Home SECURITY Scientists explore mysterious brain impulses with an Xbox joystick

Scientists explore mysterious brain impulses with an Xbox joystick

Scientists explore mysterious brain impulses with an Xbox joystick


Scientists explore mysterious brain impulses with an Xbox joystick

How does our brain surf theta waves and why is it good for treating Alzheimer’s?

It has long been known that the human brain generates various types of waves – electrical impulses. This is similar to the operation of a primitive radio receiver. Using electroencephalography (EEG), you can record the speed and sequence of brain activity. Like calm or turbulent waves on water, brain vibrations rise and fall at different frequencies, each associated with a particular state of mind.

Beta waves occur when the brain is fully involved in the process, such as during a conversation. Alpha waves are slow and usually appear when a person is about to rest. Of particular interest to scientists are the so-called theta waves, which have not yet been thoroughly studied.

Theta waves are high-amplitude brain waves with a frequency of 3 to 12 Hz per second. They are commonly associated with deep relaxation, drowsiness, and early stages of sleep. Previous research has shown that such waves appear when we disconnect from the outside world: during a long trip, running, taking a shower. Scientists suggest that theta activity is also associated with intuition and creativity – when ideas suddenly come to mind or when we dream, meditate. At the same time, all phenomena occur both in the waking state and during sleep, and their functions are still a mystery.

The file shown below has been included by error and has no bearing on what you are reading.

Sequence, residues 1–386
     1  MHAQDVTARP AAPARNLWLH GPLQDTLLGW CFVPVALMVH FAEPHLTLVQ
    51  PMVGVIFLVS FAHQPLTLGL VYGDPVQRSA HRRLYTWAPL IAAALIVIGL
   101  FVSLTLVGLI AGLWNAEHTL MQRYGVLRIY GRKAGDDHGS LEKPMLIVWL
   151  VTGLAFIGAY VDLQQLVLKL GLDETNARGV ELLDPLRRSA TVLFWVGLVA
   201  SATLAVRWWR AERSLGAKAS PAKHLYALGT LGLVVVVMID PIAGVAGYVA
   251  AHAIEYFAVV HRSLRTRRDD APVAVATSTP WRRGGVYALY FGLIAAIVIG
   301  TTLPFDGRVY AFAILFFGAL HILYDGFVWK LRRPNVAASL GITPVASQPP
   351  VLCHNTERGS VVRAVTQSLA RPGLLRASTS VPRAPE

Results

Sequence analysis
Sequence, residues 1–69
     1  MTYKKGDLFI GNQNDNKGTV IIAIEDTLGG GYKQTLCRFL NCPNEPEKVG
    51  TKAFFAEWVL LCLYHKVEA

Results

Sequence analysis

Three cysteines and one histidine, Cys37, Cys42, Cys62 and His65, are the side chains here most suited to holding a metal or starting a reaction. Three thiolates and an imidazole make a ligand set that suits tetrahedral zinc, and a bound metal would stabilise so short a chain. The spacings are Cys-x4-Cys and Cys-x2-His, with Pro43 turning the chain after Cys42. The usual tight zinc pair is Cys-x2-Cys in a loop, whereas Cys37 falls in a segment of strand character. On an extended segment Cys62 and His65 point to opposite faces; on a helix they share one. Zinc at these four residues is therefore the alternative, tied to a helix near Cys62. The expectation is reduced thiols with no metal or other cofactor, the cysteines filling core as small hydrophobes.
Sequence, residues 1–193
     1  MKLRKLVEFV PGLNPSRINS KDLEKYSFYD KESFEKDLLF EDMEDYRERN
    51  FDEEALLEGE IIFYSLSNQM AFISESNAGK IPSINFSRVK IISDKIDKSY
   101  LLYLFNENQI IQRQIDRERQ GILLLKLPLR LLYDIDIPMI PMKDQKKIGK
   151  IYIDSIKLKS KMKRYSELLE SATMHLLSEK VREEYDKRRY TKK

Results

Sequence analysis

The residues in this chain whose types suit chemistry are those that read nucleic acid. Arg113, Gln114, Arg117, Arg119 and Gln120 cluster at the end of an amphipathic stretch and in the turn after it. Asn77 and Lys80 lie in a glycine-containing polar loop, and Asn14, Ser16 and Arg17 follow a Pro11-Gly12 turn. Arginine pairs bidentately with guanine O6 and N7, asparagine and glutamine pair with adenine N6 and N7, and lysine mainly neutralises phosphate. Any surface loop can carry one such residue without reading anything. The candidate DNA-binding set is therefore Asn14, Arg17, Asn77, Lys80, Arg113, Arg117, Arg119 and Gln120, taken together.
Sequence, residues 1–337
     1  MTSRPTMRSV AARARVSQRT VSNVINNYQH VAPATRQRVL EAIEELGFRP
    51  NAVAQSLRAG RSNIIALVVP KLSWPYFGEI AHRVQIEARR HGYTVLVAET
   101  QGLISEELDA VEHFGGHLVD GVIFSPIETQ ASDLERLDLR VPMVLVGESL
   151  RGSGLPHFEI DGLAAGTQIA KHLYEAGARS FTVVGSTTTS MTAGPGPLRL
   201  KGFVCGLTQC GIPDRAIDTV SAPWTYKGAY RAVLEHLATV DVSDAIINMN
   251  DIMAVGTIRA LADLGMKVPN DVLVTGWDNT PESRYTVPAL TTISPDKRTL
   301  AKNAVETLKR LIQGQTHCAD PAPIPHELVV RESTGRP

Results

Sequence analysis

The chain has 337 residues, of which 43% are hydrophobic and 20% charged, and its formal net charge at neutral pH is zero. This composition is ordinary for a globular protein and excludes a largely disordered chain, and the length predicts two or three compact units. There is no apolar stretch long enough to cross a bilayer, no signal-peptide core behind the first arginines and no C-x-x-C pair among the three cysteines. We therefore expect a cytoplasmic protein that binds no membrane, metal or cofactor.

However, new study scientists from the University of Arizona could be the first step to unraveling. A series of trials was conducted with 12 volunteers suffering from epilepsy. Their body, unfortunately, did not respond to drug treatment. Each already had up to 17 electrodes implanted in the brain to search for the source of seizures.

First of all, volunteers were offered a task related to virtual navigation through the shopping center using an Xbox joystick. It was necessary to memorize the location of six different stores and then find the way to a certain place. Next, a memory test was conducted: the participants were asked to mentally recreate the route to the target store, marking the beginning and end of the path with the “A” button on the controller.

To make sure the test subjects actually imagine the route and not just relax, “control trials” were added. For example, in one of them, people were asked to imagine a path from their bedroom to the kitchen. According to statistical analysis, the time spent by each participant was correlated in both tasks. So, they really imagined the route, and not just dreamed.

Brainwave analysis showed that both navigation and mental simulation generated theta waves, which increased as the trial progressed. Just remembering the route generated much more activity that lasted longer. The results were consistent for each individual volunteer or electrode.

The discovery could hold the key to improving memory during aging or supporting patients with mental disorders such as dementia. Theta wave regulation could also be a new way to treat complex neurological conditions, including Alzheimer’s disease and stroke.

Already are being studied different methods of brain stimulation: from electrical to magnetic, and the first results look encouraging. Only time will tell if we will be able to use this potential to solve previously intractable medical problems.


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